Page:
Monday, August 08, 2005

Bilateral Symmetry and the Cambrian Explosion

This is cool.

Bilateral symmetry is a character of most organisms (except sponges, jellyfish, ctenophores and echinoderms). According to my book on vertebrate structure (An Analysis of Vertebrate Structure, 2nd ed, by Milton Hildebrand) this is a fundamental characteristic of vertebrates. A 2004 discovery has pushed the origins of bilateral symmetry back to approximately 600 million years ago - to the Precambrian.

From the article:

The discovery is crucial. It suggests that the earliest ancestors to modern-day animals developed before the Cambrian explosion. That so-called explosion period, 488 to 542 million years ago, envelops the time on Earth when most animal groups first appeared.

In his article, Bottjer suggests that the famous Cambrian explosion was more accurately "the exploitation of newly present conditions by animals that had already evolved the genetic tools to take advantage of these novel habitats."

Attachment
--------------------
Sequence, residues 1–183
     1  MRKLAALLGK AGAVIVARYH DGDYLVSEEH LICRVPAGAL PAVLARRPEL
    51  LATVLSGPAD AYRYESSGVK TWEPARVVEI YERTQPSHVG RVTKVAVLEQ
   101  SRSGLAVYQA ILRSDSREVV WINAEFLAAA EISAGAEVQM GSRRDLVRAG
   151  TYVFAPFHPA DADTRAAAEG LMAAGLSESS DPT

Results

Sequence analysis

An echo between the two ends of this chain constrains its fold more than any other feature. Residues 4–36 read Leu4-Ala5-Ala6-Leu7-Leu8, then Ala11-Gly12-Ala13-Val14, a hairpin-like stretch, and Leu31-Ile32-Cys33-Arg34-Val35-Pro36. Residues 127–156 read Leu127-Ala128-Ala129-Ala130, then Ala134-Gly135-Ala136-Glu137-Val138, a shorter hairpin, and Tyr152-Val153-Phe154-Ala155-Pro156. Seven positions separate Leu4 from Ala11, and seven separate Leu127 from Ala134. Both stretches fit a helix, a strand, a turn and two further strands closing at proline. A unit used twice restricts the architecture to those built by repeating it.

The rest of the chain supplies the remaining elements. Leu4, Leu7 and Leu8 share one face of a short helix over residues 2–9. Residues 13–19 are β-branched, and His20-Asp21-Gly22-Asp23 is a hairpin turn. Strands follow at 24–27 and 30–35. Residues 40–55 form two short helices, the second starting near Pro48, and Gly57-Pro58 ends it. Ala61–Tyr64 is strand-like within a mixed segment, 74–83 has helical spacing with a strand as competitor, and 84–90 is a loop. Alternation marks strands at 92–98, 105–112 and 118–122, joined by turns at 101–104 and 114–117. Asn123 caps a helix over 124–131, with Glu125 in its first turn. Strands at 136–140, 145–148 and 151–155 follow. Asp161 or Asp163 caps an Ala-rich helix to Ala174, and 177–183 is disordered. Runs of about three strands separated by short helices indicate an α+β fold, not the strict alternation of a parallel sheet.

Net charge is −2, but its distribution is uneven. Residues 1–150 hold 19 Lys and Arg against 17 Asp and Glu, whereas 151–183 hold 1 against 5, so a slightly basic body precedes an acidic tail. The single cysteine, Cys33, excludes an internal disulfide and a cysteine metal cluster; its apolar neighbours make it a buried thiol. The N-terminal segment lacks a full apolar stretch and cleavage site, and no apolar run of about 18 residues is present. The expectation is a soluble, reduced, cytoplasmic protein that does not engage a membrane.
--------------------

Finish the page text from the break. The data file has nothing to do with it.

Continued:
Rather than solely genetics, it may have been the critters' ability to grow large that led to the explosion. The growth spurt, Bottjer said, may have been caused by a drastic rise in dissolved oxygen in seawater. More oxygen for breathing reduces size constraints.
(emphasis mine - afarensis)

Even more interesting is the process underlying the discovery:

But it took incredible patience and work to uncover the fossils, which measure about 200 micrometers across. The team sliced the samples into thousands of see-through-thin layers and examined them under a microscope. Finally, among the 10,000 slides, the collaborators discovered 10 examples of the fossil type they had been seeking. After more months of painstaking analysis, the group confirmed the examples were fossils of miniscule bilaterian animals.

So after plenty of hard work a phenomenal new discovery was made - one that throws some light on Precambrian life and the Cambrian explosion. Another talking point knocked out from beneath ID proponnents.

Teach the Controversy says I.

Note: those of you with a digital subscription to Sciantific American can go here for more info